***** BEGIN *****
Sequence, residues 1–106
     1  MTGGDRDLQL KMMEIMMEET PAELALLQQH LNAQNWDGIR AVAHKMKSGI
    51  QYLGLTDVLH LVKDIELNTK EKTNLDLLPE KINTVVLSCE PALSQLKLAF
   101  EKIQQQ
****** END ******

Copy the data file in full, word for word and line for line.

Sequence, residues 1–106
     1  MTGGDRDLQL KMMEIMMEET PAELALLQQH LNAQNWDGIR AVAHKMKSGI
    51  QYLGLTDVLH LVKDIELNTK EKTNLDLLPE KINTVVLSCE PALSQLKLAF
   101  EKIQQQ